The B*Movie Heroes, the best live rock & roll band that I have seen in a long time, are currently on a mammoth tour which will continue until December, playing virtually everywhere. Meanwhile, if The Barbs are playing anywhere near you, you could do a lot worse. It’s punchy rock & roll with twin male/female vocals, and it’s nice to see a band who can be bothered to enjoy themselves onstage. And as if that weren’t enough, veteran rockers Therapy? are touring Europe as we speak, returning to the UK for some dates in November and December.
The fantastic New Disease (see below) returned to the studio in September. They’ve been working with David Bottril, who’s worked with Tool, Muse, Silverchair and more. If you’ve been listening to Chris Moyles’ show on Radio 1, you may have heard The Wildhearts’ cover of the ‘Cheers’ theme tune. The song’s being released as the b-side to the band’s new single, ‘Top of the World’, on November 3. The wonderful Kitty Hudson have made a new EP, ‘Speedophile’, which can be sampled here. Personally, I prefer the album, but anyway. At long last, Therapy? released their DVD, ‘Scopophobia’, on October 27. It features the entire Belfast show from the band’s last tour, as well as a selection of promo videos, a mini-interview with the band and a tour documentary. More details here.
Some records you might have missed:
Here’s a collection of great rock & roll records from 2003 that DiS didn’t cover when they first came out, but are well worth checking out.
Neil Leyton: ‘From the Brighter Side of Her Midnight Sun’ (ChangesOne, January 2003)
To say that Neil Leyton represents the more subdued side of rock & roll would be an inaccuracy. Above all what strikes me is Leyton’s brilliant control of dynamics. With an unusually expressive vocal quality, Leyton is able to shift mood almost seamlessly, as epitomised by opening track, ‘Whispers’. Meanwhile, in ‘(I Miss the Times) When the Russians Were Coming’, his voice ascends to a genuinely terrifying shriek at the end. Overall, this is more than just a collection of songs – by the time you reach final track and album highlight, ‘Twilight of the Gods’, you really feel that you have travelled somewhere. Comparisons with Jeff Buckley are perhaps inevitable, but on this record Leyton has undeniably placed the stamp of his own unique artistry.
Devin Townsend Band: ‘Accelerated Evolution’ (InsideOut, March 2003)
There is something apocalyptic about all of Devin Townsend’s records. The combination of his thickly textured production technique and his versatile but normally slightly god-like singing makes a new Townsend album a truly adventurous prospect. The fact that this latest offering was released simultaneously with a new album from Strapping Young Lad (Devin’s more consistently heavy project) seems to have had no impact on Devin’s ability to go completely mental in his solo endeavours. The opening track is absolutely terrifying, and if you shut your eyes as Devin screams “Suddenly decide to listen to me!” you can almost picture him smashing through the window and grabbing you by the throat. Having said that, the rest of the album is arguably a bit less in-your-face than, say, the ‘Physicist’ album, but all this means is that Devin’s giving himself the chance to channel his immense energy in different directions. Like his other offerings the album has an epic quality to it, although if you’re new to Townsend, I would suggest going for ‘Terria’ rather than this.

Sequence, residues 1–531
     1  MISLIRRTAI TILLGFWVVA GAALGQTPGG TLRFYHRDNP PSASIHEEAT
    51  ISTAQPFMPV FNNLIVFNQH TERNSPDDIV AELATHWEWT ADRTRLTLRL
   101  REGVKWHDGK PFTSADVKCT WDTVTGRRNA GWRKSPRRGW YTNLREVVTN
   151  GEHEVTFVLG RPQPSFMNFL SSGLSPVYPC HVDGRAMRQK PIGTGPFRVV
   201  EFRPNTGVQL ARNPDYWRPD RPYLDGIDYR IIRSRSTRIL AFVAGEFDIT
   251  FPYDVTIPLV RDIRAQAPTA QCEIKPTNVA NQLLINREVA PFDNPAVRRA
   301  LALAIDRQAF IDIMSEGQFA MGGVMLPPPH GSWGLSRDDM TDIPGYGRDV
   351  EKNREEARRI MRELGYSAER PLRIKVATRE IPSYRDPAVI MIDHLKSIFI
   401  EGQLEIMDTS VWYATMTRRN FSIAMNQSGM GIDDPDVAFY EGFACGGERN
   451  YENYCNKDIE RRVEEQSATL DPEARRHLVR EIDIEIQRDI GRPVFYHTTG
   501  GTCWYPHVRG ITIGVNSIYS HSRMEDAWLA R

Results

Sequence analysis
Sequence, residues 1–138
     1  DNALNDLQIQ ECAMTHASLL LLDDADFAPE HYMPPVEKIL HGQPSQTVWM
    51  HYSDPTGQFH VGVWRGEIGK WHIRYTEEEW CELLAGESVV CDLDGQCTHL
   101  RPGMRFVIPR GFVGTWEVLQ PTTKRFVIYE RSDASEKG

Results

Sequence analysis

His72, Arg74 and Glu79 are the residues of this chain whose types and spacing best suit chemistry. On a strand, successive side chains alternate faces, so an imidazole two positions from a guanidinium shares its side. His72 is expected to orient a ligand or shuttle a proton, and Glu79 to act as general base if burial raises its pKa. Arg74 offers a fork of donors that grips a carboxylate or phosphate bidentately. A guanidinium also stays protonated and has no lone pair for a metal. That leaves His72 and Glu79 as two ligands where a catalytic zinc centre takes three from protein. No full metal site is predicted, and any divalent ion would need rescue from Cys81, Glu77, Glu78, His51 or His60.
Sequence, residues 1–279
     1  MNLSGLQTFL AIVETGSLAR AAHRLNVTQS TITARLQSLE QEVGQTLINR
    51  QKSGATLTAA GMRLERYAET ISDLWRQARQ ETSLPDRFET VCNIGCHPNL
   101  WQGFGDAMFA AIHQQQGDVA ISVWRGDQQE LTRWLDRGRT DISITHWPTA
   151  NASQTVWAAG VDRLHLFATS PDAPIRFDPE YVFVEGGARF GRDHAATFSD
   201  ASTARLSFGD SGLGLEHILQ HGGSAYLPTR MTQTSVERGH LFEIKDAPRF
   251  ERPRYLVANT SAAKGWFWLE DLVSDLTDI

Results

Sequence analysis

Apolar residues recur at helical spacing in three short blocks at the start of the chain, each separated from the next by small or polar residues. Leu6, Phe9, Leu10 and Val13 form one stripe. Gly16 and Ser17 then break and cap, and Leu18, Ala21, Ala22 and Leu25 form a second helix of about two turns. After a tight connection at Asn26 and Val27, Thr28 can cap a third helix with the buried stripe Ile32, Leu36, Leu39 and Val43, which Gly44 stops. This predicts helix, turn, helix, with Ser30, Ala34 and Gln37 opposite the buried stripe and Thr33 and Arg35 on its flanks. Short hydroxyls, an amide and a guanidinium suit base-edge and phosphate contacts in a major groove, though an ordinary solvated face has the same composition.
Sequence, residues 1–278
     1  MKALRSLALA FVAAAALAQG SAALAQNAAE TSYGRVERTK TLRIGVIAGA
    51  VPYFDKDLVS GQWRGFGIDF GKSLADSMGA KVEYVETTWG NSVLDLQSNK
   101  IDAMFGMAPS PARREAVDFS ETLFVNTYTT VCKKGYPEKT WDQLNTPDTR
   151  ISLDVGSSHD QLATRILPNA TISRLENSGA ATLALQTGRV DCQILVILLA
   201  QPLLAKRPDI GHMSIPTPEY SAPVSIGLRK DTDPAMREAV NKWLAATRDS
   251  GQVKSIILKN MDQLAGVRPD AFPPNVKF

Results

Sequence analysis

New Disease: ‘Axiomatic EP’ (ChangesOne, April 2003)
It’s hardly surprising that, prior to forming New Disease, guitarist Mark Thwaite was involved in collaborations with Gary Numan. While the band entertains an unashamedly rock-oriented sound that will never fail to disappoint in a live scenario, the underlying element of electronica is what distinguishes New Disease from many of their peers. On the one hand, opening track ‘In Vitro’ is predominantly riff-based, nodding (unconsciously, I suspect) towards Pearl Jam, while the EP’s masterpiece, ‘Hold On (Here Comes the Sun)’ is an altogether more subtle offering. With a verse that brings to mind The Cure’s classic, ‘Cut Here’ (in a purely positive, non-plagiaristic way, of course), the chorus is truly apocalyptic. It could just be that the title makes you expect a bit of Beatles-esque sentimentality, while the reality couldn’t be any more different. It’s a refreshing debut, and New Disease could be monumental live.
B*Movie Heroes: ‘Anthems for the Underdog’ (Spank, July 2003)
With The Wildhearts under a current charge of having become too pop-oriented, the band that used to sound like their little brother suddenly becomes a real contender. The sound on this album is excitingly rough and oily, with dirty great bass riffs and some superb vocals which alternate between the gruff and the squeaky clean as the songs demand. Songs like ‘Something Better Give (Or I’m Giving In)’ and ‘S.O.S.’ reveal a venomous tint to the band, while ‘Ignoring the Joneses’ and ‘One Rung Up From Misery’ are perfect pop songs. Overall, it’s a gorgeous bit of melodic rock & roll with some refreshingly rough edges.
All in all, it's been a brilliant year so far, and promises to continue in the same vein. Chart action certainly isn't everything, but with rock music in general really making a name for itself in the commercial market, that can only be a good thing for the less mainstream side of rock. Events such as the Five Miles High all-dayer in June have shown that great rock & roll music of a diverse nature is still being produced to a high quality: you just have to know where to look.